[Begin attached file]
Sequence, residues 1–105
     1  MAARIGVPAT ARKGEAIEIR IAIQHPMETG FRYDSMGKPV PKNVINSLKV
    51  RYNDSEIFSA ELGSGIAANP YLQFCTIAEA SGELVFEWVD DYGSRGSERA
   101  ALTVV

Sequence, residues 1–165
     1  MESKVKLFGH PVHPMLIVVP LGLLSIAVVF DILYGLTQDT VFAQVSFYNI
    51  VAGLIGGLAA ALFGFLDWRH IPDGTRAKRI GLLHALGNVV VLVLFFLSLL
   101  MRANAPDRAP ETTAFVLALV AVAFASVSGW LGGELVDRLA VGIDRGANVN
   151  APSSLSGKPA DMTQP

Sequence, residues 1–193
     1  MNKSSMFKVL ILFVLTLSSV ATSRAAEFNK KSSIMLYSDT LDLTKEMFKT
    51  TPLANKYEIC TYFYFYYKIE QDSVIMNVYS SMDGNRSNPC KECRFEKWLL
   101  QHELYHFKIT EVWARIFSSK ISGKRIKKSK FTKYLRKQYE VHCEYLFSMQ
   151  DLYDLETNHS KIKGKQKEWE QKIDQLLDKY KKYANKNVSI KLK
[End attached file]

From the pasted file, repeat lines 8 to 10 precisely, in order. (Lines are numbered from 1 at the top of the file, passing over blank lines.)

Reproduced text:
   101  MRANAPDRAP ETTAFVLALV AVAFASVSGW LGGELVDRLA VGIDRGANVN
   151  APSSLSGKPA DMTQP

Sequence, residues 1–193